The Millennial generation, aka “Gen Y,” are those men and women currently aged 16 to 34 years old. Children of the demographically massive baby boomers, in about eight years, there will be 64 million adult millennials, at which point
they will surpass boomers as a percentage of the adult population, and become the largest living generation in America
DRIVE (AND ARE DRIVEN BY) SOCIAL MEDIA
Millennials are active advocates of social media to broadcast their preferences and influence the choices of friends, or even perfect strangers. They are the first generation that regards tweeting and texting not as astonishing innovations of the digital era, but as everyday parts of their social lives and their search for understanding the world around them.
LESS AFFLUENT THAN THEIR PARENTS
They were the generation that was hit the hardest by this recession in terms of layoffs and difficulty finding jobs, and it really shows in their food purchasing habits Millennials don’t have a lot of disposable income and therefore more price conscious than many had anticipated.
Millennials are also getting married later than their parents did, and having children later than their parents did, which is to say that they aren’t merely buying groceries on modest budgets but doing it, largely, for households of one.
MOST DIVERSE POPULATION GROUP IN US HISTORY
They are the most ethnically and racially diverse cohort of youth in the nation’s history. Diversity and authenticity are key to attracting Millennial. E.g., they are increasingly interested in ethnic food options and hanker for authentic diversity.
While Millennials gravitate toward authentic tastes, they’re not necessarily staunch purists about form and function. They have a soft spot for ethnic mash-ups, which combine authentic elements of two or more ethnic cuisines in familiar, accessible formats. Sushirritos (sushi served in burrito form), naanwiches, Korean barbecue tacos, Mexican dumplings.
This is a generation that has no trouble with hybrids of any sort, provided the result has some sort of authentic heritage…and is delicious.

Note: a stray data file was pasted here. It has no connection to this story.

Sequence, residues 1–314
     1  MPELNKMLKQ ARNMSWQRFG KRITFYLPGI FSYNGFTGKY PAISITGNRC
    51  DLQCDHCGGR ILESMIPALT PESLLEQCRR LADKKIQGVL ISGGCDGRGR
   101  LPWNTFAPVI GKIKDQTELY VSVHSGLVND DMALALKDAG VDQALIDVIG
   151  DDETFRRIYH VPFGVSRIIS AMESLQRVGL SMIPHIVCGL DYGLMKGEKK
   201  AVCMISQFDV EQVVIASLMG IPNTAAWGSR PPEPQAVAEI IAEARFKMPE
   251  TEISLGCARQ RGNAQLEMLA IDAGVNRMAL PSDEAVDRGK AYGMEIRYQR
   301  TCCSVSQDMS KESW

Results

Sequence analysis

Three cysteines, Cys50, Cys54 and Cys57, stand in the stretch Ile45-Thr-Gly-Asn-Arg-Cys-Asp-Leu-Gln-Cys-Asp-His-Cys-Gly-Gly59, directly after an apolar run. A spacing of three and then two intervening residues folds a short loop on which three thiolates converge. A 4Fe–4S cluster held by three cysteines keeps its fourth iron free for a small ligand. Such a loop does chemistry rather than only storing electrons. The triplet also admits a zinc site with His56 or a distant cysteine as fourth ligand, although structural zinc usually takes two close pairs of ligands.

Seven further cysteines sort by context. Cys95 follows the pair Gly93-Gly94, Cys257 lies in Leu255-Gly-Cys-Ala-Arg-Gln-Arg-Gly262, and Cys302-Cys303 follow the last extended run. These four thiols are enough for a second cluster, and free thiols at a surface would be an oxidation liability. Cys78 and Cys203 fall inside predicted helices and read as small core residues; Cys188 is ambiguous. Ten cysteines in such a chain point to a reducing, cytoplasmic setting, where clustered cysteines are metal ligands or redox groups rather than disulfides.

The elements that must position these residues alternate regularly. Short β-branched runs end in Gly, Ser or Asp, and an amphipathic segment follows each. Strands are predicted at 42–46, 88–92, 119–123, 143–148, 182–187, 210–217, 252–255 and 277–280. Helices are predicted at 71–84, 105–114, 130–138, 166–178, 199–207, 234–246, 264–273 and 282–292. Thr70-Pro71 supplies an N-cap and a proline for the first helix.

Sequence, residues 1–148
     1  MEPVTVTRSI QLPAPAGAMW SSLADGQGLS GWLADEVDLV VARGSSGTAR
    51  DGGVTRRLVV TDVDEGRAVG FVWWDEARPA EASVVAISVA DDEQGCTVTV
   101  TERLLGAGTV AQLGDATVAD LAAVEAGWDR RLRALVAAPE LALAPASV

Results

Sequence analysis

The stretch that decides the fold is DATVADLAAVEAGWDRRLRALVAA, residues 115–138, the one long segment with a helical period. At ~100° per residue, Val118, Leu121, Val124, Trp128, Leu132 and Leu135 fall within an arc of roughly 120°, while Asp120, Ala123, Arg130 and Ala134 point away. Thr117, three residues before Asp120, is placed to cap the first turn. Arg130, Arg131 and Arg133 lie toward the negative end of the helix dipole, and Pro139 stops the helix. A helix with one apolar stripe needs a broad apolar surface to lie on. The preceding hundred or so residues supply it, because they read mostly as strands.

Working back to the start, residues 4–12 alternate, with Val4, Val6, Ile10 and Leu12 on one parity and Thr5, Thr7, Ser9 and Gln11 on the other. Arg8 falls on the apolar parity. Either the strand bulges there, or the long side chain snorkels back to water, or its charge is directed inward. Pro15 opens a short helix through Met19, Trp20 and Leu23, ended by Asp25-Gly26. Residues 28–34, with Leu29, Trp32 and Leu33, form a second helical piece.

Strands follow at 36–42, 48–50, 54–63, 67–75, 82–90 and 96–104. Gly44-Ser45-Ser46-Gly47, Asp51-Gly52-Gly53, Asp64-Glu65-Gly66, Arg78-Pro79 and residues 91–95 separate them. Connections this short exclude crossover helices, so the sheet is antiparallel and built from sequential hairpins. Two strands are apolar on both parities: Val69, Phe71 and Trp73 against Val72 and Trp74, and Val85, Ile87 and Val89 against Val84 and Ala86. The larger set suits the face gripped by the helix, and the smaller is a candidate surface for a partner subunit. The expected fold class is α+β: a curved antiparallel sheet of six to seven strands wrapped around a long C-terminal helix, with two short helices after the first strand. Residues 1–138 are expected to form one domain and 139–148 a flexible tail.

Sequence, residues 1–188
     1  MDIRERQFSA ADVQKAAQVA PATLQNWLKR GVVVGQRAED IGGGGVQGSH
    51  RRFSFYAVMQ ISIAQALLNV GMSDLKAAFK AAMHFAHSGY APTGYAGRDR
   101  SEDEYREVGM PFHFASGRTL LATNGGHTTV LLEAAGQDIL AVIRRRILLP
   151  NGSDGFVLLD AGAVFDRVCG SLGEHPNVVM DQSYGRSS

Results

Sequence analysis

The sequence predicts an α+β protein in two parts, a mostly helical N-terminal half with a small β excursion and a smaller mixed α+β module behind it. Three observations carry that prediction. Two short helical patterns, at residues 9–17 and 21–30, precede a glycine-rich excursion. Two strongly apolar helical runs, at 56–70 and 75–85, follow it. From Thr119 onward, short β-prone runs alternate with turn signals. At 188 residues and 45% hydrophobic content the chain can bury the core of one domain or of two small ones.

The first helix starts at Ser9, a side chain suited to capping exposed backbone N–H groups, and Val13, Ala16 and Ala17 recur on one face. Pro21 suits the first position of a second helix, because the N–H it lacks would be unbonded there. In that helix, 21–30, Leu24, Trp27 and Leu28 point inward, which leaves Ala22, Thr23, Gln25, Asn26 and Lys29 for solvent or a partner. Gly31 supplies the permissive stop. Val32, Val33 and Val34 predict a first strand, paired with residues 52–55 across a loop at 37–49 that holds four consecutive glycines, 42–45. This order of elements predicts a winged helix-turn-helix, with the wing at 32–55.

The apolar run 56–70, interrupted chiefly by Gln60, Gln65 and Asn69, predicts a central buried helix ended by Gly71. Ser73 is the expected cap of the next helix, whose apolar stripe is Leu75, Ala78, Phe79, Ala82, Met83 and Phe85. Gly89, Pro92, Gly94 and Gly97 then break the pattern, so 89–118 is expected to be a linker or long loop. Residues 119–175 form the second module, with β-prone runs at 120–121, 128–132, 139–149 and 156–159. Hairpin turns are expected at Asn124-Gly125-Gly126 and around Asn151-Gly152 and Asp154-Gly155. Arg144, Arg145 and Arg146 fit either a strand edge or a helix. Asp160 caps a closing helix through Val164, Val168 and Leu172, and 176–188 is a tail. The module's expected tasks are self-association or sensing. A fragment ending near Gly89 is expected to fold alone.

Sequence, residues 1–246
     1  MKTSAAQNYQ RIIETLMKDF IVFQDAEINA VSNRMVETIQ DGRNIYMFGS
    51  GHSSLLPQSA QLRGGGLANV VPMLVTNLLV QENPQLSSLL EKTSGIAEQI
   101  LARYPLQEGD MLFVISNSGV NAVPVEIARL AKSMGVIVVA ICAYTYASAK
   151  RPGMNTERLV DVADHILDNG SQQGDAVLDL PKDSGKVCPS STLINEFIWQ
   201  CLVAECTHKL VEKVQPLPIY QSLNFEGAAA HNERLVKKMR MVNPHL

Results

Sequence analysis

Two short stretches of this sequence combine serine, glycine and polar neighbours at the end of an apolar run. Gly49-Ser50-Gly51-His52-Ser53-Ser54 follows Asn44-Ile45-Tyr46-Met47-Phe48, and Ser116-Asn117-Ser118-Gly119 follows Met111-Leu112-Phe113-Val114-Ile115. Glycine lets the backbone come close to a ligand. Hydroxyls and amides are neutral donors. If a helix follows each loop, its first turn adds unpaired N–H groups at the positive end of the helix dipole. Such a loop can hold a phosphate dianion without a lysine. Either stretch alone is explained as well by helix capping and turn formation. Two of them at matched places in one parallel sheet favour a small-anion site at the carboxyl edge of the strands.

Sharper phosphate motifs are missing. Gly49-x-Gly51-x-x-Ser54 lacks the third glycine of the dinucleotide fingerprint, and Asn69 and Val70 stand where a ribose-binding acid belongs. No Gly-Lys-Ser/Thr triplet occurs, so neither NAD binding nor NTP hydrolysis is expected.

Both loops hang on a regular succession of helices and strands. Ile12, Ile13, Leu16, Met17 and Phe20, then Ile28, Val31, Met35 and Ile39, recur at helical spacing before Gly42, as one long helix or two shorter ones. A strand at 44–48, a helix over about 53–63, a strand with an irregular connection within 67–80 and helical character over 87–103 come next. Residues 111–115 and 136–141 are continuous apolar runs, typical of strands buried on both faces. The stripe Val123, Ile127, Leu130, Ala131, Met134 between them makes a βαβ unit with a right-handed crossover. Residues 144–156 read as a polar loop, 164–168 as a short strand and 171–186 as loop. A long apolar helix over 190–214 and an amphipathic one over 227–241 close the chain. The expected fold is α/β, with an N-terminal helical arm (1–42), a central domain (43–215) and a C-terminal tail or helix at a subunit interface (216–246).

WANT TO BE TREATED AS INDIVIDUALS, NOT A CATEGORY
One size definitely will not fit all and they’re often wary of anything that carries the whiff of mass production. Having it their way is their way.
Millennials favor fitness and understand more about healthy foods and ingredients than their parents or grandparents did at the same age. Yet many think nothing of indulging if they can assuage their conscience with the knowledge that the treat is “all-natural” or “organic.”
This topic, in particular, reveals the perils of making broad generalizations about a demographic that spans nearly 20 years. Certainly the eating habits of 18-year-old college students differ from those of 28-year-olds who are well into their adult lifestyles.
Millennials wear their social consciences on their sleeves. Terms such as, organic, free range, cruelty-free, locally grown, grass-fed, hormone-free resonate with them, They are sensitive to animal welfare, interested in the local-food movement and prefer all things natural.
BUDGET CONSCIOUS…UP TO A POINT
Millennials – while focused on paying as little as possible for products – are also much more willing to pay more for specific attributes in food, such as organics / natural, ethnic and specialty foods. They are also very willing to pay a premium for organics — and more so than their parents. In fact, one in 10 millennials responded that they’d pay over 20 percent more for organic — and their willingness applied to GMO-free products as well. In other words, millennials are putting their money where their mouths are.
Millennials want fresh food, sure. Organic food, too. But the truth is that they aren’t as self-righteous about it as their parents were at the same age, for that matter, are today.by